Is your rain barrel a breeding ground for mosquito larvae because it was forgotten? Start maintaining your rain barrel today.
A rain barrel can be a great way to save money on your utility bills and provide water for your plants. Collecting Mother Nature’s best-unfiltered water into a large container may seem simple, but it has its challenges. If you are new to rainwater collecting, you may notice two unwanted things growing in the mini-reservoir: alga and insect colonies. You can take a few preventative measures to keep your rain barrel in pristine condition all year.
Close off, open Barrels.
Closed rain barrels are a great option if you have the choice. The “closed tank system” is less prone to bugs entering and breeding and helps prevent debris accumulation — a problem that open-top barrels are prone to. If you have a barrel without a cover, you can use an old trashcan lid or barrel top to pop on top. Even if your barrels are closed, you should check them carefully to ensure that any openings or exits where water can enter and leave the container are secure.
Install Mesh Screens
Install a mesh over your barrel if it can’t close. These screens prevent mosquitoes, other pests, and leaves from laying eggs in your barrel. They also keep it free of sticks, leaves, and other materials that could clog it. Mesh can also prevent children or small pets from accidentally falling into large bodies of water. You’ll need to ensure you regularly use rainwater collected by a mesh screen. If you don’t, your mesh screen could become submerged.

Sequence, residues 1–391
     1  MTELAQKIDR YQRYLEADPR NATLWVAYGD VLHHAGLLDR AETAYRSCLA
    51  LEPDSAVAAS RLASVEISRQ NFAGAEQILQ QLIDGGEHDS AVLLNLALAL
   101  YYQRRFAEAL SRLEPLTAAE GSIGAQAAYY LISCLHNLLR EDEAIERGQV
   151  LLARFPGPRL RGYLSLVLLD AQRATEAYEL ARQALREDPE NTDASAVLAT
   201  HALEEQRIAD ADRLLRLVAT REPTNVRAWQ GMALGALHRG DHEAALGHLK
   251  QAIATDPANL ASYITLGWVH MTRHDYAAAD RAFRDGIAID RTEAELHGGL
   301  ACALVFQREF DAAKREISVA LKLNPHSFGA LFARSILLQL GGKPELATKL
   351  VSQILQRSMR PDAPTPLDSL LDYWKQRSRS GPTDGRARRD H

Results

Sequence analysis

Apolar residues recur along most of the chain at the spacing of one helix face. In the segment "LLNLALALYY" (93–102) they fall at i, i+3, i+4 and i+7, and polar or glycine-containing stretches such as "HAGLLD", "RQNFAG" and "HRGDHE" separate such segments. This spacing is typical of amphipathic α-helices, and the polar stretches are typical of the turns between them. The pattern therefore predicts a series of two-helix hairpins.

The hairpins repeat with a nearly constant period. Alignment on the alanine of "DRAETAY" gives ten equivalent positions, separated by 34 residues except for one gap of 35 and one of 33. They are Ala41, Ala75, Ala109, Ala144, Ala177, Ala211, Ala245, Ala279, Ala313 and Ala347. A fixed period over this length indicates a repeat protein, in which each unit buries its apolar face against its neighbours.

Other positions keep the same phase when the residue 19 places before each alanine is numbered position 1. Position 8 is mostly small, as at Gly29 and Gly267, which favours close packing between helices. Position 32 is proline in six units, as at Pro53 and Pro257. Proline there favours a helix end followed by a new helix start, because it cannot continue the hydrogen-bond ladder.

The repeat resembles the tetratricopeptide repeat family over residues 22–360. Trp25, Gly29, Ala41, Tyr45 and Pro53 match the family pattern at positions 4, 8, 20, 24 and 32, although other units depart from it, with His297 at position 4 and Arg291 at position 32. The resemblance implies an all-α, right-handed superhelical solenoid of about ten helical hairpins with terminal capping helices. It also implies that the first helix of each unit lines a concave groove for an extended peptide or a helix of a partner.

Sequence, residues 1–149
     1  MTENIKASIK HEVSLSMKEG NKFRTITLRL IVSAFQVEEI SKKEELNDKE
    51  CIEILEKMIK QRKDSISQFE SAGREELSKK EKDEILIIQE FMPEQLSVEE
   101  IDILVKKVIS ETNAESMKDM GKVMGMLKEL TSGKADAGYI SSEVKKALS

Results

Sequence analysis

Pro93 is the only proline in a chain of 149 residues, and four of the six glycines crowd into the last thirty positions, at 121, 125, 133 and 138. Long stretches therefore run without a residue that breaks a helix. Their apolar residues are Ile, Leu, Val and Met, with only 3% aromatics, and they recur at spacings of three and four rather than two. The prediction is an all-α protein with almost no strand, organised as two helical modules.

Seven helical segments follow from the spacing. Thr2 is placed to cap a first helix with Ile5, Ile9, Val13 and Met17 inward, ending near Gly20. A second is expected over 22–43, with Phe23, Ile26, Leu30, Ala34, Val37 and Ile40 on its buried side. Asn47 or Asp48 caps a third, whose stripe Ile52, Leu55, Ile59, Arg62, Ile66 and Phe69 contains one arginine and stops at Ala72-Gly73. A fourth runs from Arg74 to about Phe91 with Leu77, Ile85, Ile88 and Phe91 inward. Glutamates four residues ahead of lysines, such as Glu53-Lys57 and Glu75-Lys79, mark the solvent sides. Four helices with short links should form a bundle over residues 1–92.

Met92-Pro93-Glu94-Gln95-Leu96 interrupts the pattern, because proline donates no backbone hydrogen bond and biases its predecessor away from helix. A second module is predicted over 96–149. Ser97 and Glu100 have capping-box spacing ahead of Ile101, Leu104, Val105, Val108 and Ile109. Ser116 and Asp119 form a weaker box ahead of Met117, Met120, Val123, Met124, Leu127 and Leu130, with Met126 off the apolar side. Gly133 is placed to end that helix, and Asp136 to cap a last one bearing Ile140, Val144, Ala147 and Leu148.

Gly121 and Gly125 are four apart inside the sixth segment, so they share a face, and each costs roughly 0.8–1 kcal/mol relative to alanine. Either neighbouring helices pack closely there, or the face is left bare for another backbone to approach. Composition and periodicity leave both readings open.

Some rain collectors use commercial larve tablets instead of or in addition to mesh screens. These tablets dissolve into water, releasing a chemical that prevents mosquito eggs from growing. Most of the time, you can still use the same water for gardening. However, it is always best to follow the instructions on the packaging.
Avoid Direct Sunlight
Are you worried about the algae in your rain barrels? Don’t be. Algae can grow in barrels exposed directly to sunlight, especially those of a light color or white. You can fix this problem by draining the barrel and washing it with bleach and water. Consider painting the container black when you are finished. The dark paint will reduce the direct sunlight the water can receive, reducing or eliminating the algae problem.
Do Not Be Afraid to Use It Up
Rainwater collectors are usually very knowledgeable, but this shouldn’t prevent them from using the water they have been collecting. We mentioned that using your rain barrel regularly will help you avoid mosquitoes and their eggs. Some sources suggest using rainwater between five and seven days after collecting it. This makes sense, as mosquitoes can grow from an egg to an adult within seven to ten days. It is vital to empty your barrel every week if you don’t plan on using a mesh screen or lid. Your frequent use of rainwater creates some barrel space to accommodate those random summer top-offs.
Check Your Rain Barrels Regularly
You can easily set up your rain collection system for the summer and then forget about it until the next storm. It’s still important to check your rain barrel semi-regularly. This will allow you to catch any potential problems at their earliest stage. You’ll need to check each barrel’s lids and mesh screens and remove any debris. Check that all water in and outways are securely fitted. Give your barrels a thorough wash multiple times during the wet seasons to prevent future algae issues.
Rain Barrel Safety Rules
Collecting rainwater can be great for your plants, lawns, and gardens. But think twice before you drink it or give it to your pet. While safe to use in gardens, this water still contains some contaminants you don’t want on your body. Especially if it’s runoff from a roof or gutter, roofs, and gutters treated with Pesticides and other chemicals may contaminate rainwater collected and render it unusable, even for your garden.